It would be possible to work out the time of each oscillation for a 50 metre pendulum and would be worked out as follows: -
L ∝ t²
L = kt²
50 = 0.253 * t²
50 ÷ 0.253 = t²
t² = 197.628 seconds
t = 14.058 seconds
Therefore from this formula I would be able to predict the approximate time of each oscillation of a 50 metre pendulum. By the Galileo method, one would find an answer of 14.192 seconds.
I have drawn a graph on a separate sheet (Figure 1), which displays how length is directly proportional to time squared. I have drawn a line of best fit; crosses, which are directly on the line, are the most accurate times. Those crosses, which are furthest away from the line, are the least accurate results. From this line of best fit, it would be possible to estimate the correct time for a certain length (or visa versa).
- Mass of Pendulum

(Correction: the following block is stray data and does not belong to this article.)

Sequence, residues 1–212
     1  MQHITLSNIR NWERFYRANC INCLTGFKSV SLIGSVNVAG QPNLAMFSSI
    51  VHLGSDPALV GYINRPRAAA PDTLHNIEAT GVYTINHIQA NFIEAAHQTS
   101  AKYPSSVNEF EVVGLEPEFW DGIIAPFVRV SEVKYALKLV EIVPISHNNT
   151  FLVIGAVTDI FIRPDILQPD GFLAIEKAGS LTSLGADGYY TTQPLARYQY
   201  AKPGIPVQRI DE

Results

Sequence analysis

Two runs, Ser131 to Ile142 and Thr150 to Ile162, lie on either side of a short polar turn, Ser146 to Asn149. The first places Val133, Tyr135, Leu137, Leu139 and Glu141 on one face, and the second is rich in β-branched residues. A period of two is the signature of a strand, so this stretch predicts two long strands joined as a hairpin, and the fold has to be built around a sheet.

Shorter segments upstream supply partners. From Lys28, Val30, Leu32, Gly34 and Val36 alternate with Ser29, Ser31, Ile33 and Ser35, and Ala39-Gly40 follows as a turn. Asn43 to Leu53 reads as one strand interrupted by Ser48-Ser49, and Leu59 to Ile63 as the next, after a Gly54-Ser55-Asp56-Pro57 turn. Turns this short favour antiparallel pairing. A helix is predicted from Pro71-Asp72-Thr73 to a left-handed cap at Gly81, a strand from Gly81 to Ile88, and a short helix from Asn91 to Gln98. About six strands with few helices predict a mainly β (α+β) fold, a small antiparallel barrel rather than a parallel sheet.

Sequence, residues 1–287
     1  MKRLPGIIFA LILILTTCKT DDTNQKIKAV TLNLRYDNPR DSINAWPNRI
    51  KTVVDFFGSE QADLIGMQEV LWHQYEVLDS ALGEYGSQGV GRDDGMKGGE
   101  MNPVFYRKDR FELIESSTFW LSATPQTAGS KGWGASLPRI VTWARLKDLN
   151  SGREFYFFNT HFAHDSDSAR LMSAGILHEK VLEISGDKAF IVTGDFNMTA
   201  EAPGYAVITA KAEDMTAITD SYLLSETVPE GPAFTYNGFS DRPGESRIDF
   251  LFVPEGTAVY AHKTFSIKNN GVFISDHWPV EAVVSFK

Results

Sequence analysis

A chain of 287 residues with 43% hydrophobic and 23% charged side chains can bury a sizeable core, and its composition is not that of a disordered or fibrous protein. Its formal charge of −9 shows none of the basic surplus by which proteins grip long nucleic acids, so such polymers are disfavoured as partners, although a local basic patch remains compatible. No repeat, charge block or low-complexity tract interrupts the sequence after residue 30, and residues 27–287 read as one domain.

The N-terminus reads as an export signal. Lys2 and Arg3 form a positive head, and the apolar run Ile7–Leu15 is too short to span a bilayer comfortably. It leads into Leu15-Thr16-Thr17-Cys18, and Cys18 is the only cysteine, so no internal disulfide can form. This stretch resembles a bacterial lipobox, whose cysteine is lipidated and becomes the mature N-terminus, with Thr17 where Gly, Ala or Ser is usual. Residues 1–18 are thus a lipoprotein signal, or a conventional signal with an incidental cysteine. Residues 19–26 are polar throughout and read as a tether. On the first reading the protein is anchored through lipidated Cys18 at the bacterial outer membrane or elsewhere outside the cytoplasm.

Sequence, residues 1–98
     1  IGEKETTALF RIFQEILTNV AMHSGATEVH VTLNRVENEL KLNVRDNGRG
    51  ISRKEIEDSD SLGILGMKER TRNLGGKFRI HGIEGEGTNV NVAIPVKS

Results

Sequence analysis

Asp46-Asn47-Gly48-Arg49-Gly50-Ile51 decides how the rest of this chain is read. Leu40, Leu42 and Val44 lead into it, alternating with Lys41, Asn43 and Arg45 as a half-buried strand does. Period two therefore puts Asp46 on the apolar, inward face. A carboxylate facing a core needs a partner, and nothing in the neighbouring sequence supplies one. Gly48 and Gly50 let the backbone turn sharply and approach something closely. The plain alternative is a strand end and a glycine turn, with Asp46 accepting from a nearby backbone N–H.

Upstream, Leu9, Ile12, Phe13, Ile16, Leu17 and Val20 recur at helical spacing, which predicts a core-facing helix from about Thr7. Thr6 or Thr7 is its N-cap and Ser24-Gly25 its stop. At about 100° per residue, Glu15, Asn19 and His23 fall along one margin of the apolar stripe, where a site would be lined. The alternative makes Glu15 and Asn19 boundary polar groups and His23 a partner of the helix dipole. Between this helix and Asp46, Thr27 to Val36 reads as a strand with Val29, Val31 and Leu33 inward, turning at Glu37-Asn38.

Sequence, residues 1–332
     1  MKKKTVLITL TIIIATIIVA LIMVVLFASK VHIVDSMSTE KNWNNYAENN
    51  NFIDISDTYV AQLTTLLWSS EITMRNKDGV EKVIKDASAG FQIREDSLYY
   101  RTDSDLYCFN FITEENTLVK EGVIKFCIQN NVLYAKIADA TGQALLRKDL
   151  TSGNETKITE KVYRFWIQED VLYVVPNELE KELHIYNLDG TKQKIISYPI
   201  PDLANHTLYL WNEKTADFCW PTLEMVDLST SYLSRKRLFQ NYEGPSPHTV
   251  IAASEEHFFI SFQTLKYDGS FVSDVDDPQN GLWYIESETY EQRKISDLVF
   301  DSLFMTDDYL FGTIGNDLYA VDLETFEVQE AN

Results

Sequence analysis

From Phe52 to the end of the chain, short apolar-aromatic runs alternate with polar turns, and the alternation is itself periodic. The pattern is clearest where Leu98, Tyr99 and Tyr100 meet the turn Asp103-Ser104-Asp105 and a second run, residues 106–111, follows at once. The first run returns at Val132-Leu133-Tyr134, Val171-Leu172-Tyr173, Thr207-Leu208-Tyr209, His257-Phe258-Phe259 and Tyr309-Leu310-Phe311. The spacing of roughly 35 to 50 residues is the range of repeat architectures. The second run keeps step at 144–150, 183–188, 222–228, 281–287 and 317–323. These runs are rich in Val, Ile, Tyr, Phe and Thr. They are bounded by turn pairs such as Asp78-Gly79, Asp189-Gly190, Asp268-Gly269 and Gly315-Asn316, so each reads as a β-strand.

This table of results shows that my experiments investigating the effect of mass on a pendulum also had good results. The theoretical answer for this investigation (Where the pendulum is 50 cm long and is released each time at an angle of 30°. The theoretical answer is 1.419 seconds, whereas I achieved an average of 1.379 seconds. Each time the results did not fluctuate that much because theoreretically, mass does not affect the oscillation of a pendulum. I shall now draw a graph, which shows how mass is related to time of oscillation.
It is difficult to plot a graph, which shows how one value stays precisely the same, so this graph shows how the times varied each time the experiment was repeated. The average comes to 1.379. Before, it was possible to work out the direct proportion, however, in this experiment; this is inappropriate because for proportion to work, both figures used must change. From this information, I can ascertain that mass is not connected to time.